See the documentation for "each" in perlfunc.

  How can I get the unique keys from two hashes?
     First you extract the keys from the hashes into lists, then
     solve the "removing duplicates" problem described above.
     For example:

             %seen = ();
             for $element (keys(%foo), keys(%bar)) {
             @uniq = keys %seen;

     Or more succinctly:

             @uniq = keys %{{%foo,%bar}};

     Or if you really want to save space:

             %seen = ();
             while (defined ($key = each %foo)) {
             while (defined ($key = each %bar)) {
             @uniq = keys %seen;

  How can I store a multidimensional array in a DBM file?
     Either stringify the structure yourself (no fun), or else
     get the MLDBM (which uses Data::Dumper) module from CPAN and
     layer it on top of either DB_File or GDBM_File.

  How can I make my hash remember the order I put elements into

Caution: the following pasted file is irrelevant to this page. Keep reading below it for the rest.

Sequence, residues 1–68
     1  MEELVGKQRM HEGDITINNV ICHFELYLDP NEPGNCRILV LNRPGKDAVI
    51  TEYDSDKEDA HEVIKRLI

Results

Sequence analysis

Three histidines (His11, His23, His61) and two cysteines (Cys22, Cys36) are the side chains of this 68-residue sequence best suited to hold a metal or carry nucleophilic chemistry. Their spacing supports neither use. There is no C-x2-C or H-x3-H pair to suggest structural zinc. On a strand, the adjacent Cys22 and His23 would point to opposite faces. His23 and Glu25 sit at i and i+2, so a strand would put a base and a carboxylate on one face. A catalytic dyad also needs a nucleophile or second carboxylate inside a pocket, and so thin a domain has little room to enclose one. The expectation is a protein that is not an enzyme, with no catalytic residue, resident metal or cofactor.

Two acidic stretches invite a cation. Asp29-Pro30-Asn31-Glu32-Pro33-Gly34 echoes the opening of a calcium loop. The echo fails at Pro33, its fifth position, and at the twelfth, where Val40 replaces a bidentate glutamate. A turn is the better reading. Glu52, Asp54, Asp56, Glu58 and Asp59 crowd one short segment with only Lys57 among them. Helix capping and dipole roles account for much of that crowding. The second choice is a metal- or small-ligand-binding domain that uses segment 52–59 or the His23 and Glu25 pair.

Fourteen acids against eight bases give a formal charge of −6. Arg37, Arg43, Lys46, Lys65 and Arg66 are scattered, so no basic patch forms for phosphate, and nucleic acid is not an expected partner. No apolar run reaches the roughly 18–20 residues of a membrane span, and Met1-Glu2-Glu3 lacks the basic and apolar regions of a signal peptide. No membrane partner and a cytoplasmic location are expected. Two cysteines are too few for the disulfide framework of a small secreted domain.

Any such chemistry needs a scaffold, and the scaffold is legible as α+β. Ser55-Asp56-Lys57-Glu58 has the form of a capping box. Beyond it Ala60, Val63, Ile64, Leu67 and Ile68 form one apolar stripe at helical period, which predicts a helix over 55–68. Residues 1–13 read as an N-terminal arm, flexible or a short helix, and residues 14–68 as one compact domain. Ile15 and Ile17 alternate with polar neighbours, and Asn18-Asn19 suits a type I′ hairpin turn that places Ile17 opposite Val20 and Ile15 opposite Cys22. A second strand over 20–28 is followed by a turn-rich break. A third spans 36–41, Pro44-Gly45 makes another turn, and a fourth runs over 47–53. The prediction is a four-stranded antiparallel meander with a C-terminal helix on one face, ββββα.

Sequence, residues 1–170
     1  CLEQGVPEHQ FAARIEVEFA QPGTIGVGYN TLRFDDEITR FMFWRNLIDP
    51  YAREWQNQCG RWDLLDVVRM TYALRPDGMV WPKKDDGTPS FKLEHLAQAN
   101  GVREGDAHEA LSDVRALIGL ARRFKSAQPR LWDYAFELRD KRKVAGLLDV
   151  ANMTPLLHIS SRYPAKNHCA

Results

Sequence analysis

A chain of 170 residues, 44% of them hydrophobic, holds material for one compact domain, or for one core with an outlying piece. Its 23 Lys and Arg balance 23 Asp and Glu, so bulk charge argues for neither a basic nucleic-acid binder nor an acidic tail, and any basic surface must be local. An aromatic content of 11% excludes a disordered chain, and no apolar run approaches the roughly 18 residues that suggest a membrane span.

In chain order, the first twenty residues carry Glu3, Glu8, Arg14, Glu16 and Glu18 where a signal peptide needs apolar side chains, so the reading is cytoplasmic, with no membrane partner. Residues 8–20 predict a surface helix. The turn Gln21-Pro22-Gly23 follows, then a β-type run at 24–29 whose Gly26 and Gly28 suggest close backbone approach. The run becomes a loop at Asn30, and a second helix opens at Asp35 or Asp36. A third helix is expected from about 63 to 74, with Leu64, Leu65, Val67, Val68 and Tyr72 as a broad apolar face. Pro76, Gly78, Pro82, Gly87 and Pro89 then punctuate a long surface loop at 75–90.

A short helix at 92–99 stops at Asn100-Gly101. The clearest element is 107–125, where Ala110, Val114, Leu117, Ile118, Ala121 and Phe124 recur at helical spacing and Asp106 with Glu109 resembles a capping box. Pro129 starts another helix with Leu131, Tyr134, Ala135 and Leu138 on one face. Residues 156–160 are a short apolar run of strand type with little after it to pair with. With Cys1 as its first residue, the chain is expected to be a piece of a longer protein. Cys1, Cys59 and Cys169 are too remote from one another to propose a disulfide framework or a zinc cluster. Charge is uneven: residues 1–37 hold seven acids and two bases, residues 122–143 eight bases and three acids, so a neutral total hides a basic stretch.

Use the "Tie::IxHash" from CPAN.

             use Tie::IxHash;

             tie my %myhash, 'Tie::IxHash';

             for (my $i=0; $i<20; $i++) {
                     $myhash{$i} = 2*$i;

             my @keys = keys %myhash;
             # @keys = (0,1,2,3,...)

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  Why does passing a subroutine an undefined element in a hash
     create it?
     (contributed by brian d foy)

     Are you using a really old version of Perl?

     Normally, accessing a hash key's value for a nonexistent key
     will not create the key.

             my %hash  = ();
             my $value = $hash{ 'foo' };
             print "This won't print\n" if exists $hash{ 'foo' };

     Passing $hash{ 'foo' } to a subroutine used to be a special
     case, though.  Since you could assign directly to $_[0],
     Perl had to be ready to make that assignment so it created
     the hash key ahead of time:

         my_sub( $hash{ 'foo' } );
             print "This will print before 5.004\n" if exists $hash{ 'foo' };

             sub my_sub {
                     # $_[0] = 'bar'; # create hash key in case you do this

     Since Perl 5.004, however, this situation is a special case
     and Perl creates the hash key only when you make the